Medical marijuana worthy of support

November 25, 2007

Jyl Lutes, city councilwoman, OpEd , Salinas Californian

This Tuesday, the Salinas City Council will consider adopting an ordinance which will expressly prohibit the operation of medical marijuana dispensaries within the city.

While this proposed ordinance does not prohibit qualified patients from possessing or using medical marijuana as prescribed by a physician, it will prohibit legal patients from getting their prescriptions filled at regulated dispensaries within city limits. The number of patients in California who rely on medical marijuana for treatment continues to increase as physicians have expanded the use of marijuana to treat symptoms of diseases such as headaches, spinal injuries, cancers, heart disease, arthritis, anorexia and depression.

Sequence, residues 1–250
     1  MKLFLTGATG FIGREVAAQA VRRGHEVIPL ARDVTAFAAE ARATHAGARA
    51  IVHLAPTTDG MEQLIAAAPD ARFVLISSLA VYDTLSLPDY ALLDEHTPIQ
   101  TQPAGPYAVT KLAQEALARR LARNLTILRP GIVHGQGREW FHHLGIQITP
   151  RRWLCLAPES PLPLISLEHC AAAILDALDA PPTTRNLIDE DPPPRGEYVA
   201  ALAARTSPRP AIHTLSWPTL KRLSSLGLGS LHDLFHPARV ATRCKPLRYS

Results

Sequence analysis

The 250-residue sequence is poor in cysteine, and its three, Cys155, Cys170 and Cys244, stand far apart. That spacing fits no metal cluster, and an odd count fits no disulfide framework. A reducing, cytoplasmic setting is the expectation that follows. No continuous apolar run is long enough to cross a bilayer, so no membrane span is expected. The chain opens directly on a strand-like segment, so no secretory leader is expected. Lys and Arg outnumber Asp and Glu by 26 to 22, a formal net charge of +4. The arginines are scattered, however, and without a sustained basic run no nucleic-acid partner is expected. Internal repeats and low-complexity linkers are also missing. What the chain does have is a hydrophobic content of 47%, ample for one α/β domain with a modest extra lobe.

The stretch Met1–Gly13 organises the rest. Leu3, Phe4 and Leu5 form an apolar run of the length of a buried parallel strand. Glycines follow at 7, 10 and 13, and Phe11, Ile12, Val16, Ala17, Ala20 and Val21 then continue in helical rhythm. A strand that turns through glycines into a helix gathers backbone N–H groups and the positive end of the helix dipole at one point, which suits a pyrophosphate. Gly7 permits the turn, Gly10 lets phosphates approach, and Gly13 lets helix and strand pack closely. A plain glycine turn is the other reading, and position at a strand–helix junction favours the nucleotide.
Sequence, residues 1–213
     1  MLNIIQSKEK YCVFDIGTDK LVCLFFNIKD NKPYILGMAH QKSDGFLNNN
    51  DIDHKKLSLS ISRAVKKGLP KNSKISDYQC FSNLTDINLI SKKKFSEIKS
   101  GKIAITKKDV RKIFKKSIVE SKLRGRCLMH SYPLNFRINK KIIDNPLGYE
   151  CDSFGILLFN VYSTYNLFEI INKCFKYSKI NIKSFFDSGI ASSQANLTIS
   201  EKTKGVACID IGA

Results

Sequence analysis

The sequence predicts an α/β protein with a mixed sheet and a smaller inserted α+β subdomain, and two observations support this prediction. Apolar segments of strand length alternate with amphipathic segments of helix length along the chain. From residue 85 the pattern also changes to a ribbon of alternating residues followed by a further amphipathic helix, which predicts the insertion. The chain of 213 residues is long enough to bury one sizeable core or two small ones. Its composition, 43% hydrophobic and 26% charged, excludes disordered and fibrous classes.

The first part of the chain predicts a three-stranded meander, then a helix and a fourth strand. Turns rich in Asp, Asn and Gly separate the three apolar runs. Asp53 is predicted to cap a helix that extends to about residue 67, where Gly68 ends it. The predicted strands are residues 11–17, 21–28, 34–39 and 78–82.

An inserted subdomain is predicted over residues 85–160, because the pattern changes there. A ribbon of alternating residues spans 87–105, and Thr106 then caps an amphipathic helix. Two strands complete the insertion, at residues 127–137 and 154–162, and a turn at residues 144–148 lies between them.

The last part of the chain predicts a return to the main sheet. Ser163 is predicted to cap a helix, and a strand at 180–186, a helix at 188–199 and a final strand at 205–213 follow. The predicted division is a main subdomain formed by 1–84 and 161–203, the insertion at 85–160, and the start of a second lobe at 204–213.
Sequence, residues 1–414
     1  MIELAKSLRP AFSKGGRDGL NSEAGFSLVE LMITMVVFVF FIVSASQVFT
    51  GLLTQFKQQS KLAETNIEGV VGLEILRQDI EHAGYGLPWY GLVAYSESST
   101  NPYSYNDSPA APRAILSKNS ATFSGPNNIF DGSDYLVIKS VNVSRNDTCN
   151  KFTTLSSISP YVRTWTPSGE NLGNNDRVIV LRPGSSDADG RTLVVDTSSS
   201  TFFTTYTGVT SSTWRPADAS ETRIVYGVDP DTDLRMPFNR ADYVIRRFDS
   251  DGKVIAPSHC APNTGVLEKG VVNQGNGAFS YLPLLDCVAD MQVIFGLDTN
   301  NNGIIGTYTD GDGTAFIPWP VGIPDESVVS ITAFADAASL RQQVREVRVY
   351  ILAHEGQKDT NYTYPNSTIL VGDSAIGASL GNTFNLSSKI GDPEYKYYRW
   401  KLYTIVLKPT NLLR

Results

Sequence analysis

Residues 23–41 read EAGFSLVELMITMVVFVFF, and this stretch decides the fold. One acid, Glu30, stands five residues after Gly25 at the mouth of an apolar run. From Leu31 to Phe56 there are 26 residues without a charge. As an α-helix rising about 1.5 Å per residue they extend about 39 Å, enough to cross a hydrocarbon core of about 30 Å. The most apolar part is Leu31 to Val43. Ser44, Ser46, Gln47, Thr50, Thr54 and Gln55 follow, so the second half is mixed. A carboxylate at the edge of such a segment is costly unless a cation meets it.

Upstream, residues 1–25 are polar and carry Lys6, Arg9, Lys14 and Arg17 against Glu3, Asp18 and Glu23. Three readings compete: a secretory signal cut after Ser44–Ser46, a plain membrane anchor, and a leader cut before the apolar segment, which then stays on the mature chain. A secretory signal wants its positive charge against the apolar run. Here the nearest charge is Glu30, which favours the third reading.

In 1996, California voters approved Proposition 215, the Compassionate Use Act, which allows for the safe and affordable distribution of marijuana to all patients in medical need of marijuana. As of October 2006, 26 cities and seven counties in California have enacted ordinances to allow for the operation of dispensaries with stringent regulations in place to ensure both the protection of the community and meet the medical needs of legal patients.

Interestingly, additional regulations and police presence have prompted residents in Kern County, San Francisco, Santa Cruz, Oakland, and Santa Rosa to report safer street environments with fewer drug-related problems than before the dispensaries operations were permitted within the area. I believe that local government does have a responsibility for the legitimate and legal medical needs of residents by providing patients with a safe means of acquiring prescription marijuana.

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